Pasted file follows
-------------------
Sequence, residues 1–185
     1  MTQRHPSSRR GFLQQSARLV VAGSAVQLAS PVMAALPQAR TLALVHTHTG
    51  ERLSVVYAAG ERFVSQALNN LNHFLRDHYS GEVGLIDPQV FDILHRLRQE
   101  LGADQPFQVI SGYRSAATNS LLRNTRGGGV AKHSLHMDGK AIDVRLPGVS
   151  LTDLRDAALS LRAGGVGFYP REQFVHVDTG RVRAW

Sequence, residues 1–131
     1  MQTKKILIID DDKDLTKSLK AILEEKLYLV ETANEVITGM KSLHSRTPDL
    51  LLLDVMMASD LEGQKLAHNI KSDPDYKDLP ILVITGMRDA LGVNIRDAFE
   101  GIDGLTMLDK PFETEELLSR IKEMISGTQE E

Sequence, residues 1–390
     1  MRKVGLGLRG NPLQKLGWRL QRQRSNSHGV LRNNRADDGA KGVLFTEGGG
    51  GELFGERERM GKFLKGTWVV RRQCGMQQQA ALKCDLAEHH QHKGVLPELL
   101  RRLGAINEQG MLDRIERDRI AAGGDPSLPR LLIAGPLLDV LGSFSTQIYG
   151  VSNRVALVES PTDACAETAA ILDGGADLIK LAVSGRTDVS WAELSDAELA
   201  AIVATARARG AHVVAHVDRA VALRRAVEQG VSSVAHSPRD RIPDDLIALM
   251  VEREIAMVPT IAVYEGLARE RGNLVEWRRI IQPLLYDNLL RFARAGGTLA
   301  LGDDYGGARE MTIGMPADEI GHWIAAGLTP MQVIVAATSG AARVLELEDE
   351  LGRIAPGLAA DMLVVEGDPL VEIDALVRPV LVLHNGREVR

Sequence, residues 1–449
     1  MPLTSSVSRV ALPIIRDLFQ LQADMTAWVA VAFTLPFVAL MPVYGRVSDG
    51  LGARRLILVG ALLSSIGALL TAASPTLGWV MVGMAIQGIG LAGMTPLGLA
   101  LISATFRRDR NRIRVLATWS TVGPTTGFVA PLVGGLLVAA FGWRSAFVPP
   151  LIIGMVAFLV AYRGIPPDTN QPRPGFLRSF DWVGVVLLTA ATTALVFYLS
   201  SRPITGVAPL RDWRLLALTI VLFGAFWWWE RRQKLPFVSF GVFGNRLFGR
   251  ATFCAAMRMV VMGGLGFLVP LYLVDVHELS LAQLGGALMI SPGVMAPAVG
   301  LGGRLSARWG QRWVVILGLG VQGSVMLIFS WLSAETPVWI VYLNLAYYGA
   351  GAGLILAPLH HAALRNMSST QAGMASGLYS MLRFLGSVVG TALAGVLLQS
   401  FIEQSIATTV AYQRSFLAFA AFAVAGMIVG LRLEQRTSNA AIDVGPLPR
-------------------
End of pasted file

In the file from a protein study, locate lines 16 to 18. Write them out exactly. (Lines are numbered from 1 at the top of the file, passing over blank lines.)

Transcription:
   251  VEREIAMVPT IAVYEGLARE RGNLVEWRRI IQPLLYDNLL RFARAGGTLA
   301  LGDDYGGARE MTIGMPADEI GHWIAAGLTP MQVIVAATSG AARVLELEDE
   351  LGRIAPGLAA DMLVVEGDPL VEIDALVRPV LVLHNGREVR